An article about academic snobbery and unfair assumptions of Film Studies, written by yours truly (Elizabeth Howlett) and published in Leicester Mercury newspaper, enjoy!
Student, Elizabeth Howlett hits back at those who tell her “that’s not a proper degree!”
When the topic of conversation turns to my degree, I always get apprehensive. The apprehension comes with experience. Are these people on my side, or are they going to sneer at me? This is because I am a film student.
Sometimes, this means I am asked if I make films. I get to watch the disappointment wash over people’s faces when I admit that no, I don’t, unfortunately, make films. I just study film.
“So you just sit around all day and watch films? That isn’t a degree” is something I hear all too often. Quite frankly, I’ve had enough.
I am dumbfounded by academic snobbery. I find it extremely vexing that individuals don’t realise how passionate I am about my course.
When I explained to an old colleague that I wanted to eventually get a PhD in film, they erupted with: “So you would be Dr DVD – what a waste of time!”
I smiled at his lame joke, as I remembered my ever-growing debt of more than £11,000 is seen, by some at least, as some sort of practical joke.
I do watch a lot of films, but that’s a small part of the course. We also have to write a considerable amount of investigative, psychological and historical-based essays that usually see us silly film students buried under a pile of books.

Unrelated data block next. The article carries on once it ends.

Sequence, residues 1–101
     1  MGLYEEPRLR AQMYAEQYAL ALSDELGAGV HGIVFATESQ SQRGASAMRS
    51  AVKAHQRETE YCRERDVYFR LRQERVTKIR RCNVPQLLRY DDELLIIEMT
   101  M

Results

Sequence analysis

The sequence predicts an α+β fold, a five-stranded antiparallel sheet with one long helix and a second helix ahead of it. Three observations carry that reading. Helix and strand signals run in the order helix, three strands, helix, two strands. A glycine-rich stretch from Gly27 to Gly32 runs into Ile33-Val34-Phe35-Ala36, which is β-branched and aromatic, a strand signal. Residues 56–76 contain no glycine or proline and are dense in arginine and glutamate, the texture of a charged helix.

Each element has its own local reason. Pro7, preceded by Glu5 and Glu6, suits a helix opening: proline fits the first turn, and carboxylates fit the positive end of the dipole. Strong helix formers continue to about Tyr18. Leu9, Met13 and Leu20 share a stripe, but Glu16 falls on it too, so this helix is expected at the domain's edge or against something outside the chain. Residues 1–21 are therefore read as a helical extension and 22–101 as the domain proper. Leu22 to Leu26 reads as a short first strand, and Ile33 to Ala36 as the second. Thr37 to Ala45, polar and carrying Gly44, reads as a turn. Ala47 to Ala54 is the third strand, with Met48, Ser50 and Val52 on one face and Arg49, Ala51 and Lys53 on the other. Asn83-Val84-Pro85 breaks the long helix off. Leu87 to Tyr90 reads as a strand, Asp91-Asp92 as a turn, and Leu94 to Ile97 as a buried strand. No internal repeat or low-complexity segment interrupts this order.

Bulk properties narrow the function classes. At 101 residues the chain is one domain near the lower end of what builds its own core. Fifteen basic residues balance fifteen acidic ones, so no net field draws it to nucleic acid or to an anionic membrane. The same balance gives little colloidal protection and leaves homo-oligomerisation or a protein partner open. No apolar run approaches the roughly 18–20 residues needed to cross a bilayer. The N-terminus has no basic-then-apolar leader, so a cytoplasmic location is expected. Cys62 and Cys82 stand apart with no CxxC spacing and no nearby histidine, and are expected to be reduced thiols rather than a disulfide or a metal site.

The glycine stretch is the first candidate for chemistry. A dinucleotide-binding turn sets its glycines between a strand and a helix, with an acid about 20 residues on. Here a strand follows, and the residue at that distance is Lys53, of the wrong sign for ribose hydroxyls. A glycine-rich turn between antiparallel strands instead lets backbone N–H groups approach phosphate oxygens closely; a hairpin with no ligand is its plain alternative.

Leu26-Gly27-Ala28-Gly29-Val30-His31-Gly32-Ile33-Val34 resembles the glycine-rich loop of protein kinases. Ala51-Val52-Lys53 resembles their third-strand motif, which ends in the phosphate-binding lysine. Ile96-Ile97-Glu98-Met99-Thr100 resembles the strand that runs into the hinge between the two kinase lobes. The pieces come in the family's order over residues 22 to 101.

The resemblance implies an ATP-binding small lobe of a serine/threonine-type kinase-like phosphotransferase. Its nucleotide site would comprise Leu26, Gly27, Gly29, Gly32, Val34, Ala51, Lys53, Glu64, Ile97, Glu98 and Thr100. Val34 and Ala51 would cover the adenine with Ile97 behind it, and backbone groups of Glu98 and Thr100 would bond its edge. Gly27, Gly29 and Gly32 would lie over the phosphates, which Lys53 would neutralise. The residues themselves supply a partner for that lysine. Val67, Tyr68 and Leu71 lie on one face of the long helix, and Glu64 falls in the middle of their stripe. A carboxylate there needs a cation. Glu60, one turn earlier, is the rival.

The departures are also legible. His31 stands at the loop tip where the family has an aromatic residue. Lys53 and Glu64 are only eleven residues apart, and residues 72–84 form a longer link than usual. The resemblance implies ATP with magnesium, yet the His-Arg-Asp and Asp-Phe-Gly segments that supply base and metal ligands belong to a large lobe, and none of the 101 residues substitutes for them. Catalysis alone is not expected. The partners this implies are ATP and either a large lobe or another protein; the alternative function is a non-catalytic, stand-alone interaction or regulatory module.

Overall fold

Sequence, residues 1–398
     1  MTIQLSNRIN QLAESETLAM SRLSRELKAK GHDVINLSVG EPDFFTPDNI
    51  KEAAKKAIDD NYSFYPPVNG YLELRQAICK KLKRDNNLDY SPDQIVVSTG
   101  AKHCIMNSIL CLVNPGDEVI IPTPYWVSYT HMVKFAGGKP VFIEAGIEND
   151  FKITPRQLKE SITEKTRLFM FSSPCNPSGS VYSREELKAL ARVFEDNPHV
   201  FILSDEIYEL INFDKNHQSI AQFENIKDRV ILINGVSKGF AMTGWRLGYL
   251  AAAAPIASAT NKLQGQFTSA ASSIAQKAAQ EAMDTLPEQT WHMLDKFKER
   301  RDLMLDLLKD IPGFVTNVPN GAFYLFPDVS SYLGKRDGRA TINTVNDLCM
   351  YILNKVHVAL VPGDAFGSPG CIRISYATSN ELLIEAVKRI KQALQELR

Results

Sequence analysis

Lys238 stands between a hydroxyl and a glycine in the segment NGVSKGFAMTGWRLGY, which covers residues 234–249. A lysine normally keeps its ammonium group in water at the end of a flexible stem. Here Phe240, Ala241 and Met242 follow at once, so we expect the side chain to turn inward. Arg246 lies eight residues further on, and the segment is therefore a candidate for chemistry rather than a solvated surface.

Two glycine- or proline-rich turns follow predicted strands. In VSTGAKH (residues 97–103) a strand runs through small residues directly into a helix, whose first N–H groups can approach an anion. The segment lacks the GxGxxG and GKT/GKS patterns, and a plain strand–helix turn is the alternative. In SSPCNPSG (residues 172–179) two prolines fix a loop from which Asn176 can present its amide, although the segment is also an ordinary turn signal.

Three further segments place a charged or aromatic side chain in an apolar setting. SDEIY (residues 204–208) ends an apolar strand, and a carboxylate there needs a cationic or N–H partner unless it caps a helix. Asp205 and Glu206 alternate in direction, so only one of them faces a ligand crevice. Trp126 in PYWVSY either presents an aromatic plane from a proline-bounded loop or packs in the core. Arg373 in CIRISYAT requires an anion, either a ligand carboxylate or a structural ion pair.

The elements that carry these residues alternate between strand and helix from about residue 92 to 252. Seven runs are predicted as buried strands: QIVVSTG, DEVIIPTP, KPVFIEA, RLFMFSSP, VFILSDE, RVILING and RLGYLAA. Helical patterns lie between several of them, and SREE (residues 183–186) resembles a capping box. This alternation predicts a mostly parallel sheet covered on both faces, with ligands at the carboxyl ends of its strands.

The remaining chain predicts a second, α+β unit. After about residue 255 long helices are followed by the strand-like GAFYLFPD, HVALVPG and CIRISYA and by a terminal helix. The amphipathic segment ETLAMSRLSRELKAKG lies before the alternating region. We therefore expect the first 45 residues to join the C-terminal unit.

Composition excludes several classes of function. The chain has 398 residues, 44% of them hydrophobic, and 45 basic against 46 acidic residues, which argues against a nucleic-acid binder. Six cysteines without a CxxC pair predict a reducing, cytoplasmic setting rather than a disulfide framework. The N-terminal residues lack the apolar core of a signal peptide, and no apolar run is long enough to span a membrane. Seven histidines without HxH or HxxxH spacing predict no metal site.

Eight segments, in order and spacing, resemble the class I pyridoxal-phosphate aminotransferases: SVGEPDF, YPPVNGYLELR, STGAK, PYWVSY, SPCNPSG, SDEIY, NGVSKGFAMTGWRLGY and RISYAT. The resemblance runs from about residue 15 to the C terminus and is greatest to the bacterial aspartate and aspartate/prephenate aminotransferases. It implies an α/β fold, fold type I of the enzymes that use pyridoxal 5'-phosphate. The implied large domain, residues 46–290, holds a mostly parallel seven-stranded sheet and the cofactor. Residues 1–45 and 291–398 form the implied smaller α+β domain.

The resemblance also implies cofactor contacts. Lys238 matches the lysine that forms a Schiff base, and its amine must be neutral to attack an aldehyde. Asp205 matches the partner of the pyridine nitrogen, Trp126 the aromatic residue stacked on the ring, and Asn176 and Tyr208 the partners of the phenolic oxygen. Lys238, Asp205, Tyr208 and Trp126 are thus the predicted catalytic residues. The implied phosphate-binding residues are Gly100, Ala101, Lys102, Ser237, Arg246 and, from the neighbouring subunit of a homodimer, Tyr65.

I defy anyone who thinks that “genre theory” is easy to give it a try. It is the most frustrating and complicated part of my degree.
I do it because I am passionate about it and I take it to heart when I get told my degree is a waste of time.
Film history has been the cornerstone of social activity. As opinions and situations have changed, film has changed with it.
I’d say that film has arguably helped shape society in a way that no other media form has been able to do. Call me old-fashioned, but I have decided to study to benefit myself, rather than my bank balance (although a career in film, regardless of the route I take, is always going to provide a fruitful job).
I have chosen a degree that can take me to anywhere I want to go. But, more important than that, I have chosen to study something I love.
When the Lumiere brothers showed the first publicly projected film – footage of a train pulling into the station – it is said that the audience ran screaming out of the cinema in fear.
That was in 1895. Why are we still running from the marvel of film today?
Elizabeth Howlett, 22, is a third year student in film and journalism at De Montfort University.